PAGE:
Last Updated January 26th, 2023: Nitrogen deficiency affects cannabis plants growth leading to low yields, which is exactly what you don’t want when you’re spending the time and effort growing cannabis. The symptoms of nitrogen deficiency are easy to identify although can sometimes be confused for magnesium deficiency or potassium deficiency.
Nitrogen Deficiency In Weed:
Nitrogen deficiency in weed is an extremely common problem with grows, and it can cause your grow to die completely or have much smaller yields. If you’re going to spend the time and resources to grow cannabis, you should be sure that it’s healthy and has a productive yield!
Fixing the deficiency early enough is beneficial to prevent the leaves from falling off. If you want to improve your yield make sure that you treat the nitrogen deficiency as soon as you notice it.
Do Marijuana Plants Need Nitrogen?
Nitrogen is necessary for weed plants especially during the vegetative stage. It is a mobile nutrient so it travels to different parts of the marijuana plant and is needed by the entire plant.
For proper growth of leaves, stems, and branches, your weed plant needs to have optimal nitrogen levels. If you are growing your marijuana plants outdoors, it is even more important that you check them for symptoms of nitrogen deficiency.
Severe Nitrogen deficiency can affect growth and in turn affect the quality of your harvest.
Here are some of the reasons why weed plants need nitrogen;
Nitrogen is an important nutrient for photosynthesis. With the help of sunlight, chlorophyll, and sunlight plants can synthesis sugars. These sugars and carbohydrates are essential for plant growth and also give leaves the green coloring matter.
For Vegetative, Pre-Flowering, And Flowering Stages
Weed plants need nitrogen in almost all stages of growth. You might avoid nitrogen in the first two weeks of the plant but shortly after that, you need to start using the right nitrogen dosage. The nitrogen will promote fast growth and also help you to get a good yield.
For Increased Plant And Pest Resistance
Using nitrogen in your weed plants makes them resistant to pests and diseases such as spider mites. In cases where plant diseases occur, they are not severe and detrimental to plant health. Optimal nitrogen levels in weed plants will also make them resistant to frost when growing them outdoors.
Can You Prevent A Nitrogen Deficiency In Weed Plants?
Yes, it is possible to prevent too much nitrogen in weed plants! Proper preparation and monitoring of the plant at every stage can be beneficial.
Here are some of the ways to prevent nitrogen deficiency in cannabis plants;
Prepare The Soil With The Right Compost
If you are going to plant your weed plants in pots, it is important to prepare the compost. Ensure that it has the right balance of nitrogen before planting your weed plants.
Starting with the right compost can help you to avoid a lot of deficiencies in the growth process.
Continuously Check The Soil pH
Checking the soil pH continuously can also be effective. Most of the time when the pH is not right, it leads to deficiencies because most of the nutrients cannot be absorbed by the plant.
What Causes Nitrogen Deficiency In Weed Plants?
Nitrogen deficiency symptoms in weed plants include:
Low Nitrogen Level In The Soil
If your soil has a low nitrogen level, you are likely to experience nitrogen deficiency. When growing your weed plants outdoors in an open field, this might be a problem since, unlike potted soil, the soil is not tested for nutrients.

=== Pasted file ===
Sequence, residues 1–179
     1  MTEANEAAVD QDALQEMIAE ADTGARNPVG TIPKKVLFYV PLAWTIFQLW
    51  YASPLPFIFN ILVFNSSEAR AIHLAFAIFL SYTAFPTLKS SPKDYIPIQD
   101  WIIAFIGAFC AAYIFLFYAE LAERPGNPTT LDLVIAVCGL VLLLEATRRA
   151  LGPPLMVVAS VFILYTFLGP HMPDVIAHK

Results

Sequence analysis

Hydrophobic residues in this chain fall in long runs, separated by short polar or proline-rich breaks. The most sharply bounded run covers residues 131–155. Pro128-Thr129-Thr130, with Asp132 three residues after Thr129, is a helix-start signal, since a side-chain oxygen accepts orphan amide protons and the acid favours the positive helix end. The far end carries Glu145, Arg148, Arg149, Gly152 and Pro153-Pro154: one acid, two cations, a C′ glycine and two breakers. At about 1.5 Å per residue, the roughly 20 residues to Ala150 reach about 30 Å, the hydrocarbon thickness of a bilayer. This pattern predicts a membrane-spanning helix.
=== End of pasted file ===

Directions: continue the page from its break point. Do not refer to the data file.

Extreme Cold or Heat
Extreme temperatures might be detrimental to plant growth and issues due to plant stress. It is advisable to grow your weed plants in a controlled environment like a greenhouse so that you can keep the temperature optimal.
Overfeeding of Other Nutrients
Overfeeding your weed plants with other nutrients is not advisable. It causes a scenario called nutrient lockout which affects the absorption of important nutrients like nitrogen.
Low pH is detrimental to plant health and growth. If your soil has a pH that is lower than 5 then you are likely to experience nitrogen lockout. The nitrogen available in the soil will not be absorbed due to a low pH.
Damaged Plant Roots
Damaged plant roots are likely to cause nitrogen deficiency in your wood plants. If your roots have been damaged by fungus, then they will not be able to properly absorb nutrients.
Signs of Nitrogen Deficiency in Weed Plants
Nitrogren deficiency and excess nitrogen can be difficult to spot since it can look similar to other deficiencies. Below is a picture example of nitrogen deficiency in weed vs. nitrogen excess!
Some of the nitrogen deficiency symptom in cannabis plants include:
Yellowing of Leaves
Yellowing of leaves in weed plants is a sign of nutritional deficiency. However, in nitrogen deficiency, the yellowing will start at the lower part of the plant.
Yellowing that begins at the lower part of leaves is unique to nitrogen related issues, so this is a good sign of nitrogen deficient plants.
Curling of Leaves
If the nitrogen deficiency is not corrected, you’ll notice that the leaves will start to curl. They appear withered and start curling inside.
Dropping of Leaves
Weed plant leaves dropping is probably the last stage when you don’t address the deficiency. The leaves start dropping because the plant is now weak. It might start with the bottom leaves and move upwards.
Weak and Red Stem
Nitrogen deficiency affects almost the entire plant. Apart from visible signs on the leaf, you can inspect the stem for weakness and a red tinge. If the stem looks small, red, and weak, then this is a clear sign of a deficiency in cannabis plants.
Small Leaves and Short Plant
Since nitrogen is responsible for plant growth, you will notice that your marijuana plant has small leaves and suffers from suppressed growth.
Premature flowering is an uncommon sign of nitrogen deficiencies in marijuana plants. The plant starts flowering but the growth does not mature. Premature flowering leads to low yields.
How To Treat Nitrogen Deficiency In Cannabis Plants
Treat nitrogen deficiency as well as other nutrient deficiencies in weed plants through the following strategies;
Remove Affected Leaves